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To ask the Chancellor of the Exchequer, what assessment he has made of the potential merits of allowing people aged under fifty-five whose income has been affected by the covid-19 outbreak to access some of their pension funds.
The government has introduced an unprecedented package of measures to help individuals and businesses affected by the crisis, including the Coronavirus Job Retention Scheme, changes to Universal Credit and Statutory Sick Pay that make it quicker and easier to access support as well as more generous, the Self-Employment Income Support Scheme, a business rates holiday, grants to smaller businesses, and a package of government-backed and guaranteed loans.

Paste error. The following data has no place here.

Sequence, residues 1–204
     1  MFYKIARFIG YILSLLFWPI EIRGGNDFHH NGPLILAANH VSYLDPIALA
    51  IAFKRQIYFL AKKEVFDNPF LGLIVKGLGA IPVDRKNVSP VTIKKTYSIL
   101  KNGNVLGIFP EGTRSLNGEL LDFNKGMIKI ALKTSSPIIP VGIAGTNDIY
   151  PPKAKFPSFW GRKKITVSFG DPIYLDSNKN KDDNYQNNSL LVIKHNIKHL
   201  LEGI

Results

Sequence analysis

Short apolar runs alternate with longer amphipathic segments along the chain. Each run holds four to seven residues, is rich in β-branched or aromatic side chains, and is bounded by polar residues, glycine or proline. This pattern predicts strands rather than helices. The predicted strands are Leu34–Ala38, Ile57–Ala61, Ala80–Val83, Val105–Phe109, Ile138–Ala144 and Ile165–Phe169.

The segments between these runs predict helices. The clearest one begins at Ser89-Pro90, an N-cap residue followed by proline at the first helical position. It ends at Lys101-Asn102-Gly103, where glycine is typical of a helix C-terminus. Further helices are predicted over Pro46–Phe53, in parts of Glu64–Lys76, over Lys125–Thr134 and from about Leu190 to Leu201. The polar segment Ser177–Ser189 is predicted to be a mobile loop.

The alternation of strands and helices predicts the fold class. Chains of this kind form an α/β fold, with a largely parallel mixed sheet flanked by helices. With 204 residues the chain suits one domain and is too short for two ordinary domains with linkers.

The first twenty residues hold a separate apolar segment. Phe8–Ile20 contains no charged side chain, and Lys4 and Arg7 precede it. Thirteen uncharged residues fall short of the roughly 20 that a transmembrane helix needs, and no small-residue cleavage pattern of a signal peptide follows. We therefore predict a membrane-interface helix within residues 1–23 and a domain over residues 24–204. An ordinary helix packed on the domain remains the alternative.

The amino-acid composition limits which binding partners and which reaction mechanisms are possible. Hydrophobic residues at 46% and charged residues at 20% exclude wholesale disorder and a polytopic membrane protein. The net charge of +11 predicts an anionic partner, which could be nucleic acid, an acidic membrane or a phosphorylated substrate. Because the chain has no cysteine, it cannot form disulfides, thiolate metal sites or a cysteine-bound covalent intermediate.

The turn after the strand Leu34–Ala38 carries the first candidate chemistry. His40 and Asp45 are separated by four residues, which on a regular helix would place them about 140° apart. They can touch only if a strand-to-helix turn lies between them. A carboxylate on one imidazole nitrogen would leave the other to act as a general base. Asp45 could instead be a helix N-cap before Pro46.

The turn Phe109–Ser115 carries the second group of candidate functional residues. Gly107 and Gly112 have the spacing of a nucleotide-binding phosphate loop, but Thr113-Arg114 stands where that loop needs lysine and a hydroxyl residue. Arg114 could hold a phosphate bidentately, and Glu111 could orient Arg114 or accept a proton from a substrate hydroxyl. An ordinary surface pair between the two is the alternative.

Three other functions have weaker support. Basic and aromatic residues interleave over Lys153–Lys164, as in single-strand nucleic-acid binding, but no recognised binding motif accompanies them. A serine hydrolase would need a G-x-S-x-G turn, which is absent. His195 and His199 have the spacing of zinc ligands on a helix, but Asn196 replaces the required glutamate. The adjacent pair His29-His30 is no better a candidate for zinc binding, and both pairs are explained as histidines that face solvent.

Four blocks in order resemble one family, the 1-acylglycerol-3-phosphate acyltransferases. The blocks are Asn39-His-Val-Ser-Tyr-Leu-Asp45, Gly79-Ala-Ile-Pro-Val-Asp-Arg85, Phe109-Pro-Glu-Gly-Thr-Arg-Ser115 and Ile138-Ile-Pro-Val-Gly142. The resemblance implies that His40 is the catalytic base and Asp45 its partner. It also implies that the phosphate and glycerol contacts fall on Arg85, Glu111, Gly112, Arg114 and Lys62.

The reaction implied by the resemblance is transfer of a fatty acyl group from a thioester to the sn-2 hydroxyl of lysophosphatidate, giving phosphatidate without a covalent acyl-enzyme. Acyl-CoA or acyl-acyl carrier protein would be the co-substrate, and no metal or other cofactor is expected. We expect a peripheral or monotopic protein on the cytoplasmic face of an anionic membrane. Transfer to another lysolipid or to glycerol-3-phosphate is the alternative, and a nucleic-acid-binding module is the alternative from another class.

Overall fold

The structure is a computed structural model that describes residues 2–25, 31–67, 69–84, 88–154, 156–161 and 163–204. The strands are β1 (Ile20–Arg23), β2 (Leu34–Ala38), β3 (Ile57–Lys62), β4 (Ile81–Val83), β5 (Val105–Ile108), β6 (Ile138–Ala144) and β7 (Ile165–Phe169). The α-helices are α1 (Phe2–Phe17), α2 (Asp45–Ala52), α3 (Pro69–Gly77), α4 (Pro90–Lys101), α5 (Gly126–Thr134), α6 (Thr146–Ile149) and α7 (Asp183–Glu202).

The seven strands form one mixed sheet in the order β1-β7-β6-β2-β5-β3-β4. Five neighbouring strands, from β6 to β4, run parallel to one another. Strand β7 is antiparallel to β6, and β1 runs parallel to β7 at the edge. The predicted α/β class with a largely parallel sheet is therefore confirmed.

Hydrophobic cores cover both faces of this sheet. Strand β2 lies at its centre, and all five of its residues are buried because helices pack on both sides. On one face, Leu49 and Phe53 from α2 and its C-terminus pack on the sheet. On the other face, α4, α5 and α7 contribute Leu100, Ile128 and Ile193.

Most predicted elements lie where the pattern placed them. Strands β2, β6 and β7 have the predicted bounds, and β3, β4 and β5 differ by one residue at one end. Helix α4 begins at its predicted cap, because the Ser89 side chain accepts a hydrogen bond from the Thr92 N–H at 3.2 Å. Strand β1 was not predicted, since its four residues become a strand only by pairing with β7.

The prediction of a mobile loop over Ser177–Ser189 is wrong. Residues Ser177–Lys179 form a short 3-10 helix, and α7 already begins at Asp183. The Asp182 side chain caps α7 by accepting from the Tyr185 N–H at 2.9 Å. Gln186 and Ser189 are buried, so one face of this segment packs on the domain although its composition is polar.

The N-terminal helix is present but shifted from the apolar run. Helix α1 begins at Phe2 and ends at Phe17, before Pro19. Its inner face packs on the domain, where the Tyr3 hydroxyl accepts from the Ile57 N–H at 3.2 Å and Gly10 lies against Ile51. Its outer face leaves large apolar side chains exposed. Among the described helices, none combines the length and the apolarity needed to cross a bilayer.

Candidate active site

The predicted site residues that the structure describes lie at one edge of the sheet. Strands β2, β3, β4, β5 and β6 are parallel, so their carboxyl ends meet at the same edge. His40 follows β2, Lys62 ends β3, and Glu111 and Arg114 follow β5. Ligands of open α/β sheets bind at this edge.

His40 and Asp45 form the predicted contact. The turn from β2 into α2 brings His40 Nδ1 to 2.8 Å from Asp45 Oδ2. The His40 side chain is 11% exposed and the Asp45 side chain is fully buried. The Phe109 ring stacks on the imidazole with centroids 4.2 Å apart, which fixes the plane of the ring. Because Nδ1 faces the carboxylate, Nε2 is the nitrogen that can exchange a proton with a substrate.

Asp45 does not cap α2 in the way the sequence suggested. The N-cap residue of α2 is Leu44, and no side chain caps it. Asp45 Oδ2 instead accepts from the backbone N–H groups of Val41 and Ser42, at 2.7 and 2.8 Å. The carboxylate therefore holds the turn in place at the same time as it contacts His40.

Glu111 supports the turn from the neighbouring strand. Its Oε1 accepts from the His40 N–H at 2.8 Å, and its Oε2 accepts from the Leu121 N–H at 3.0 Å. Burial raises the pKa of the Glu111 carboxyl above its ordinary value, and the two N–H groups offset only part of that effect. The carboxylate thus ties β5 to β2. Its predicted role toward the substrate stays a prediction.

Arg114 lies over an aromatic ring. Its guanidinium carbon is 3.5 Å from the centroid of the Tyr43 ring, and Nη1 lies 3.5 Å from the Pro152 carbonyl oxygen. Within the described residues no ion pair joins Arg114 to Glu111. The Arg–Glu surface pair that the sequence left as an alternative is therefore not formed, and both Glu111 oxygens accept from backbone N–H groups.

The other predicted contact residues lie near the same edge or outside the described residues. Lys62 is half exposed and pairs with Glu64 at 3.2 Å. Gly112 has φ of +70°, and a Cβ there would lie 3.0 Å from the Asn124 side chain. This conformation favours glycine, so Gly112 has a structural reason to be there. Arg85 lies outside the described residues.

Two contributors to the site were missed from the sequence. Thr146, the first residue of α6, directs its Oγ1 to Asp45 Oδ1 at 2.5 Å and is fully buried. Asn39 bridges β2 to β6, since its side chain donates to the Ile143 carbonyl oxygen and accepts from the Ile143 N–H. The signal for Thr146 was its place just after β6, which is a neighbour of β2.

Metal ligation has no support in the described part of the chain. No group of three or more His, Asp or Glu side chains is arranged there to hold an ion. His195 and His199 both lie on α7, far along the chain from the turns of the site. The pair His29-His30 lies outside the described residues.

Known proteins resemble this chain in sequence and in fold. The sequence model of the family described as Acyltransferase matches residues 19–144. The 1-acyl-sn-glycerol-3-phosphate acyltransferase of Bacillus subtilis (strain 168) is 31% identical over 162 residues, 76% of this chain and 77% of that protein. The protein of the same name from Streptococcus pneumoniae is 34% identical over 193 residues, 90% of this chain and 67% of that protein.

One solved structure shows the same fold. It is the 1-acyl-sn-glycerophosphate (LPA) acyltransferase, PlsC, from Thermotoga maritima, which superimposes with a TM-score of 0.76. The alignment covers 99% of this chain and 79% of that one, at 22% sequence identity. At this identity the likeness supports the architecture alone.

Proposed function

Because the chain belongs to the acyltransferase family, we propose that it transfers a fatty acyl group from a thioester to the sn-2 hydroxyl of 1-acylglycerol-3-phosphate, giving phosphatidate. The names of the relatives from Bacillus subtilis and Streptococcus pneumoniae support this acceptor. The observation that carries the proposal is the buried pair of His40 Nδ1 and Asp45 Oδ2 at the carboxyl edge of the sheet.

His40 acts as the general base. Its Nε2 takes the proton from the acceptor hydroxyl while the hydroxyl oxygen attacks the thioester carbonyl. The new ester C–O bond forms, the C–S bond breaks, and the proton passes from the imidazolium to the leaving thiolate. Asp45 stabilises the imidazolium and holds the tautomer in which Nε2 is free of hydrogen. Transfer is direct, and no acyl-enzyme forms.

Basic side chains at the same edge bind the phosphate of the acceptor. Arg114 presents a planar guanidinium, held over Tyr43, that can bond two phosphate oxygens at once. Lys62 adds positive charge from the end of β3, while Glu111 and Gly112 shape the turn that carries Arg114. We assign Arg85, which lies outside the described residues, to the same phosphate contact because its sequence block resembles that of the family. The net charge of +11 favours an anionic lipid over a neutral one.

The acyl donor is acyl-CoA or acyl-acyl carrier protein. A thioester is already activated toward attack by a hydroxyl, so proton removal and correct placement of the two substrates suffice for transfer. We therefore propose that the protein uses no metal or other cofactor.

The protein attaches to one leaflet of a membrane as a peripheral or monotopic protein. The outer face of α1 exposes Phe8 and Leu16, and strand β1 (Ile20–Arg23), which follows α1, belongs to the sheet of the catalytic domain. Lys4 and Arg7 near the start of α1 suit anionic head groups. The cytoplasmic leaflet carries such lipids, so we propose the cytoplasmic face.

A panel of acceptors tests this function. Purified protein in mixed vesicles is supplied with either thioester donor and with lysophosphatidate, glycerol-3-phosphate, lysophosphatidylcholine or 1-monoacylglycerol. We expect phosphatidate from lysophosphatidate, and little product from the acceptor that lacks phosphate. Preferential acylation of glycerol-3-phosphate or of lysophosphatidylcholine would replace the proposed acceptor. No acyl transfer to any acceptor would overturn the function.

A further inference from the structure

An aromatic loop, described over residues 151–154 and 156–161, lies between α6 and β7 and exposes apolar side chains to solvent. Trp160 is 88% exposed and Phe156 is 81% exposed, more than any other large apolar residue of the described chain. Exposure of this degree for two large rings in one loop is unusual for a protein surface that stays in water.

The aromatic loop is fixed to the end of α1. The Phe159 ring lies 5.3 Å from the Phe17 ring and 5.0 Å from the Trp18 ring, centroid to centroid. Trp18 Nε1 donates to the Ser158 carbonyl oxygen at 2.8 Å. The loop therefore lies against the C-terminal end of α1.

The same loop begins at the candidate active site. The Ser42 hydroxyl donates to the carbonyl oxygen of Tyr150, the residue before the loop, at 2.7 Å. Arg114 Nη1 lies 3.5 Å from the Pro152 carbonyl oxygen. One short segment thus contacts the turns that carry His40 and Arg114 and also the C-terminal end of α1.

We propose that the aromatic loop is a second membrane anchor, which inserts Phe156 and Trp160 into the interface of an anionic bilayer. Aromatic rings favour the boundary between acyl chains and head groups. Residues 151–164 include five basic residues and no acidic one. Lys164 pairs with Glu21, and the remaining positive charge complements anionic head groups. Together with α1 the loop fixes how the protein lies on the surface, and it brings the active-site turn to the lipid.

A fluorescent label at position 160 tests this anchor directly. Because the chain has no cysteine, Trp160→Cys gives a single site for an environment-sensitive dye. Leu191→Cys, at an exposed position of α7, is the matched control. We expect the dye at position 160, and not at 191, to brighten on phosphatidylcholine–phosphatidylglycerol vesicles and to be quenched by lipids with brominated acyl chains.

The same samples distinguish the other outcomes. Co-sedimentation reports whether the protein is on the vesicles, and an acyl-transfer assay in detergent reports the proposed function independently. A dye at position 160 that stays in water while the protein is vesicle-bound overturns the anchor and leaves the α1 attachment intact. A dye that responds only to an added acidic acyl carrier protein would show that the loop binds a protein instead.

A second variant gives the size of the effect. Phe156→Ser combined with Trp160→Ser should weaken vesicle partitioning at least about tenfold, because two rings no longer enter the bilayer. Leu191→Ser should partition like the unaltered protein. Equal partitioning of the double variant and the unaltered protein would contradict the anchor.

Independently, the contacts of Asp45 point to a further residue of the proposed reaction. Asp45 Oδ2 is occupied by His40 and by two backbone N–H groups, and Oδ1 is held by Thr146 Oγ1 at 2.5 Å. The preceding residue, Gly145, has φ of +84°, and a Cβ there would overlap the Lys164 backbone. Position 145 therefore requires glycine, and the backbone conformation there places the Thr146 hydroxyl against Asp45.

The government wishes to encourage pension saving. This is why, for the majority of savers, pension contributions are tax-free. This makes pensions tax relief one of the most expensive reliefs in the personal tax system. In 2017/18 income tax and employer National Insurance Contributions relief cost £54 billion.
The government therefore imposes a charge on early withdrawals, which can be from 40% to 55% depending on the circumstances, both to recoup its investment through tax relief and to provide individuals with a strong incentive to save through their pension for the long-term. There are no plans to change this aspect of tax policy.